DES MOINES, Iowa — One of the reasons why I wanted to be a journalist was because I wanted to tell stories. In every sense of the saying, storytelling is a part of who I am all the way down to my core.
Growing up in a Hmong family, the way we pass history down to generations after us is through telling stories in all forms: music, tales, poetry, story cloths, etc. This has been instrumental in how we’ve kept our history because it wasn’t until Hmong people came to the United States post-Vietnam that we were able to develop a written language.
Visual storytelling, to me, is one the most fascinating things because you see what’s inside someone’s mind come to life, crafted exactly how they dreamed it.
As we celebrate AAPI Heritage Month, here is a list of AAPI movies and TV shows I’ve really loved recently! I hope you can check some of them out and let me know what you think.
The latest from Pixar featuring an AAPI lead, "Turning Red" was absolutely adorable. Of course, seeing red panda after red panda was cuteness overload but it’s the relatable story of Chinese-Canadian Mei Lee. At 13 years old, Disney captured the unique coming-of-age story of what it’s like growing up in two worlds, balancing family, friends, expectations, and so much more.
Oh, and what it’s like when you get on all of the aunties’ bad side and they come looking for you. This is great for the family.
Funny. Witty. At times cheesy. Other times gets you in your feelings. It’s cool seeing a rom-com like this with AAPI leads taking you through that roller coaster! Randall Park and Ali Wong were spectacular in this. Sparks fly between Marcus Kim and Sasha Tran, childhood best friends.
But, is the history strong enough to bring them together? Or, are they better off staying friends? If you’re like me and every once in a while have an urge for a rom-com, look this one up on Netflix.
This one’s for all of my people out there with a short attention span. Written and directed by Domee Shi and produced by Pixar, this short film hits really close to home for me. I come from a family of five children and as my parents approach having the last kid in their house before they become empty nesters, Bao really opened my eyes to how hard it could be for my parents.
It follows a Chinese mother who makes dumplings and one magically comes to life. She raises it like a child until the dumpling grows up and leaves the home.
Kids: watch this one.
I don’t know if this South Korean drama needs much of an introduction after how big this show got! Squid Game is perhaps one of the strangest, yet most fascinating shows I’ve seen in a long time. I don’t think I’ve ever seen anything like this. The show – a group of people who are in need of cash get an invitation to play childhood games but the twist – a deadly price to pay for losing.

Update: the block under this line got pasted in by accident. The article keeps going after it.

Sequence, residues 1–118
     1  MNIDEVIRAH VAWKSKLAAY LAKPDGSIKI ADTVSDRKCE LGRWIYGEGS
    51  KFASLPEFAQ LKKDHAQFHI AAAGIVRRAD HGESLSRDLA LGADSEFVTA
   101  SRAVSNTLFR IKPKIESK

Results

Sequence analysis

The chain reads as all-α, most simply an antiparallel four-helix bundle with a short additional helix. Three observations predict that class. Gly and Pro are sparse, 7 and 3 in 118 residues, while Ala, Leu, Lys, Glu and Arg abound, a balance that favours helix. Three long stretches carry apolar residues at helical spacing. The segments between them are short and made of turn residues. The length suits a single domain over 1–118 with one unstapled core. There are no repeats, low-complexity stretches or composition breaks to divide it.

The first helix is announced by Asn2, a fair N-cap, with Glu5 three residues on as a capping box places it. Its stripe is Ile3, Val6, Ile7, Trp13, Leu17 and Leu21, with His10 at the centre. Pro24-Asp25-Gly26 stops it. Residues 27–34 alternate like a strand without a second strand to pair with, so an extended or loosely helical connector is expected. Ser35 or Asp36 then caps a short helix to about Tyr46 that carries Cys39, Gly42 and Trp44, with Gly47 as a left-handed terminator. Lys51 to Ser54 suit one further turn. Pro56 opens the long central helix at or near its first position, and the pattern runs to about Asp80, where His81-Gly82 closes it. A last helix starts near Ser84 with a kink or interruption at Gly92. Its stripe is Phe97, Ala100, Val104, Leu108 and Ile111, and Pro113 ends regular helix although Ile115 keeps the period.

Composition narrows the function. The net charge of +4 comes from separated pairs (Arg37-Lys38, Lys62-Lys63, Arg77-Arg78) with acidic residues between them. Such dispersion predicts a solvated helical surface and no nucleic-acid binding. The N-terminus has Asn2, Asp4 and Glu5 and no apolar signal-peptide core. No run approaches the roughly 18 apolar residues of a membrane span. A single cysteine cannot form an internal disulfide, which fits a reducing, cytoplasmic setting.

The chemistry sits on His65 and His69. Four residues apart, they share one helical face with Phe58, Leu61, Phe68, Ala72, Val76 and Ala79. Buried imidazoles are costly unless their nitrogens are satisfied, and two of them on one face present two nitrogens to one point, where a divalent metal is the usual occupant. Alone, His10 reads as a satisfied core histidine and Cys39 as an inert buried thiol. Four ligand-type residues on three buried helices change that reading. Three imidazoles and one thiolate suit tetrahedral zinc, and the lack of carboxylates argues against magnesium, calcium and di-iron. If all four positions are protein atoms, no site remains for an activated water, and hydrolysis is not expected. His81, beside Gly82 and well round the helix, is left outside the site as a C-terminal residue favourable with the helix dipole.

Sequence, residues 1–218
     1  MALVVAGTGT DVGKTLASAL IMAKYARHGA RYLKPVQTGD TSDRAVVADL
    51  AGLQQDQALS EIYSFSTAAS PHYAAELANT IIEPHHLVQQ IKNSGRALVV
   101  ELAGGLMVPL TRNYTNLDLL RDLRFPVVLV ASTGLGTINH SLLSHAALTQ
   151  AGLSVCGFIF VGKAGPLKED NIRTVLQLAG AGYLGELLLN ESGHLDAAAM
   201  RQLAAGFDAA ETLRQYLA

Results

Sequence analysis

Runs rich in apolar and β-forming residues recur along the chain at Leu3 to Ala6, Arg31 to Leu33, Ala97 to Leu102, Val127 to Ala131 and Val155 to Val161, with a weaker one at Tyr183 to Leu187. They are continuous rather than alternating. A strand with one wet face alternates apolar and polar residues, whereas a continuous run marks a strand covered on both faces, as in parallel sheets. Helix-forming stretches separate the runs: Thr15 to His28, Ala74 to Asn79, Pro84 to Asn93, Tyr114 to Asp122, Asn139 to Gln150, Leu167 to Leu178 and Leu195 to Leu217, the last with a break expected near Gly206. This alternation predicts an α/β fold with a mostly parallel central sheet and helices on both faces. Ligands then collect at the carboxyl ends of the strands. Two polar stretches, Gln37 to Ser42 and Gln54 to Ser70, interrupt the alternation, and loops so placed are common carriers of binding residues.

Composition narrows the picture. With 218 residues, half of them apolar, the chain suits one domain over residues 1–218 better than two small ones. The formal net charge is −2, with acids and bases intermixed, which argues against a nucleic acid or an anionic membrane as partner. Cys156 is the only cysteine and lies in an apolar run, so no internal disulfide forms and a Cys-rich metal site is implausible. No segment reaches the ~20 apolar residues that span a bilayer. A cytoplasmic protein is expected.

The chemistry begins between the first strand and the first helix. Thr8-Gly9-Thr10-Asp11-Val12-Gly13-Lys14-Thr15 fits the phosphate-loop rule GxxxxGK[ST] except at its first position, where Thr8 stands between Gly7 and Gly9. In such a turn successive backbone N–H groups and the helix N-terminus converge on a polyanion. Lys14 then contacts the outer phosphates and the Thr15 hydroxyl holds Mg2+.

Strap on for a ride with this series.
Side note: I love Lee Jung-jae and HoYeon Jung. These two put on a *performance* in this one.
Heads up though – put the kids to bed first!
A good mix of fantasy paired with southeast Asian culture – “Raya and the Last Dragon” filled two big interests for me. My parents are from Laos, then lived in a refugee camp in Thailand, so southeast Asian culture has always been interesting for me.
Set in a fictional land, Kumandra, this Pixar movie shows the importance of family that runs so deep with Raya, she sets out to find the last dragon in hopes of bringing her family, and lots of other families, back to life.
Watch it and appreciate the different aspects of southeast Asian culture throughout.
This show on Netflix is one I’ve watched over and over for years, and I still do.
Comedian Aziz Ansari and writer Alan Yang created this show. My favorite part: Ansari’s real-life parents play his parents on the show and they are adorable!
It follows Ansari’s character, Dev, through his day-to-day life as an Indian-American actor and the things he deals with. It also reflects on his childhood and how that ties into modern day, such as Dev being afraid to admit to his parents, who are Muslim, that he eats pork.
“Master of None” explores many things that I, as an Asian American, can relate so closely to growing up in America with immigrant parents. The episode where Ansari and his friend each reflect on their parents’ journey to America and the sacrifices they made to give their family everything (Season 1, Episode 2: "Parents"). Or, having to drive all the way to your parents house to help them figure out how to use an iPad. Yeah … I’ve had to do that before.
Binge it or spread it out. This one’s worth the watch.
You know I wasn’t going to not include an AAPI superhero, right?
I’ve waited for so long to see an AAPI hero save the day and it wasn’t until I saw Shang-Chi, where I felt I, too, could be a superhero.
Aside from just being a huge fan of Simu Liu from “Kim’s Convenience” (also recommend) or his memes from his stock photo modeling days, this breakout role for Liu inspired me in ways I didn’t think it would.
In this Marvel action-packed film, Shang-Chi confronts his past and complicated relationship with his father as he faces the powerful Ten Rings organization. Throughout the movie, you see him transform into a superhero that will hopefully pop up in this next era of Marvel movies.
The subtle nod to Asian culture is cool too. For example, a close-up of Shang-Chi taking off his shoes before stepping into his friend’s home. The conversation about Shang-Chi changing his name to “Shawn” in America. See if you can spot more.
Others you may enjoy
These are certainly not all the AAPI movies and shows I love, but some I’ve seen recently that I enjoyed. If you have any more, feel free to reach out to me on Facebook, Twitter, and Instagram or email me at Cher@weareiowa.com.
Happy AAPI Heritage Month!